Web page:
Gansler's campaign was beset last year by controversies, including remarks about Brown relying on being black to win over voters and Gansler's attendance at a teenage party after which he said it was not his responsibility to stop underage drinking.

Moreover, Gansler's message has been muddled, some analysts say. He's rolled out so many ideas that it's hard to define his candidacy simply. Mizeur can easily be identified as the most liberal, with ideas such as legalizing marijuana and using the tax revenue for universal preschool. Brown is seen by many as a continuation of the O'Malley administration.


Gansler, meanwhile, has pitched eyeglasses for children, apprenticeship programs, manufacturing proposals, a chicken-waste-to-energy program, giving tablet computers to inmates, and building a maglev train between Baltimore and Washington. While he says the state cannot afford universal pre-K for everyone, he has pitched a limited expansion of pre-K for the most disadvantaged students. He proposes cutting the corporate income tax, but also closing tax loopholes.

"He's been trying to announce a broad range of issues that would let him be defined as a progressive on policy," Morrill said. "But since they have been such a range of issues, nobody knows what they are. No one remembers them. The only people who know this are junkies, like me."

Gansler strategist Bill Knapp said it was always the plan to present Gansler first as a man of broad ideas, then frame Gansler as "a fighter and a doer" for those ideas. Knapp said over the next few months, voters can expect Gansler to sharpen that message.

The plethora of ideas has appealed to some undecided voters, including Ann Costlow, a small-business owner from Baltimore. "I feel like he's determined, which I think is important," Costlow said. "He's clearly the underdog at this point, but he wants to make a change to this status quo. I think it is important we do look at how to do things different. I like to hear new ideas, and I appreciate the fact that he's willing to sort of make waves."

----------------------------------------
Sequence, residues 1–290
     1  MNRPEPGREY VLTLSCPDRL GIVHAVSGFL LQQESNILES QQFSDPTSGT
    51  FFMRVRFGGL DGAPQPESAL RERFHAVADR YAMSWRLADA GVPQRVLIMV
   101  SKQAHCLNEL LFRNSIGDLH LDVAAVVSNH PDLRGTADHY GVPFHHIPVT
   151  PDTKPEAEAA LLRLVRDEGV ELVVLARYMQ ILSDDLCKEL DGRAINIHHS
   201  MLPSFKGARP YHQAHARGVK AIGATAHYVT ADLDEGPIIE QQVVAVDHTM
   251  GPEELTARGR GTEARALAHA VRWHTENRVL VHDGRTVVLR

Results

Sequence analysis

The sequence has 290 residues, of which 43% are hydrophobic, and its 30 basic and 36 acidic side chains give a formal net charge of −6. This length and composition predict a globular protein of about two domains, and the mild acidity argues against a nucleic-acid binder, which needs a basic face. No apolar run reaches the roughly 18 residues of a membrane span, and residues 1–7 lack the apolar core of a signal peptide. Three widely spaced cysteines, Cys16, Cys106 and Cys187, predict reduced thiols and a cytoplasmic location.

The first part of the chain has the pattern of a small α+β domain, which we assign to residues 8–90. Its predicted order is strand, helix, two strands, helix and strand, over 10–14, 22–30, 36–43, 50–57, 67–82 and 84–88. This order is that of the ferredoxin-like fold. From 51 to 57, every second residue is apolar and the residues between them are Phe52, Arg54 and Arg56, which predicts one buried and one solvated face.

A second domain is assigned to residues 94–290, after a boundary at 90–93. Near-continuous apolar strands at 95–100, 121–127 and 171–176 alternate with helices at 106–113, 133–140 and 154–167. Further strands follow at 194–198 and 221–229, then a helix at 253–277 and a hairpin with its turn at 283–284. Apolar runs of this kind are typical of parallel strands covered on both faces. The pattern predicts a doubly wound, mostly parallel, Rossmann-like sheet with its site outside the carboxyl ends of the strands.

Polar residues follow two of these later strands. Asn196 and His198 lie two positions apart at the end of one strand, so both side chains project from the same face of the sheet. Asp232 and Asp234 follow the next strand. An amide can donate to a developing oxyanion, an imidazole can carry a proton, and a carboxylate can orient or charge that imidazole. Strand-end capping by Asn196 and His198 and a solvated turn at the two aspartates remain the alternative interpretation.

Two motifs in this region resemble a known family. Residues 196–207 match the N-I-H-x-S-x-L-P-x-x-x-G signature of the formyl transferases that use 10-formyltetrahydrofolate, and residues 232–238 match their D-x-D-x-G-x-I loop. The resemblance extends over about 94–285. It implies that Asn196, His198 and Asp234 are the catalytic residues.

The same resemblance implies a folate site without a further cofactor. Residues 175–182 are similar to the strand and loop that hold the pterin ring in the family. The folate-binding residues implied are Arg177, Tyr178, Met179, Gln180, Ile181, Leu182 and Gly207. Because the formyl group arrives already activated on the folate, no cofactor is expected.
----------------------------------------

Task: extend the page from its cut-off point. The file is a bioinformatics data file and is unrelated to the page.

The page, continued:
Jake Mohorovic, a former state delegate who came from Dundalk to hear Gansler at the Baltimore Sun forum, said he finds it refreshing that Gansler speaks in details and specifics instead of rhetoric. "If he can capitalize on those details, I think it can only help him," said Mohorovic, who said he remains undecided.

Todd Eberly, professor of political science at St. Mary's College in Southern Maryland, said Gansler's message would resonate in the general election. "His problem is that he has to get Democratic primary voters."


This week, when Gansler visited the college, he defended a proposed liquefied natural gas facility at Cove Point in Southern Maryland as long is it is environmentally safe — a project opposed by environmental groups and Mizeur. Even though some other high-profile Democrats, including U.S. House Minority Whip Steny Hoyer, back the project, voicing strong support is not a position calculated to win over primary voters, Eberly said.

"Gansler's got to give people a reason to vote for him," he said.

With more than $6 million on hand, Gansler has plenty of money to deliver his message. The campaign is opening the seventh of its planned nine statewide campaign offices Saturday. Gansler and his advisers acknowledge that they are behind in the contest, but say that most voters are barely paying attention yet. Next week, they plan to release a detailed economic plan.

And Gansler has kept his sense of humor, joking about how a Washington Post poll released this week a few days after The Sun's poll showed a slightly smaller disadvantage for him.

"We're actually gaining traction, that's a good thing," Gansler said. "It's all about momentum."

Baltimore Sun reporter Michael Dresser contributed to this article.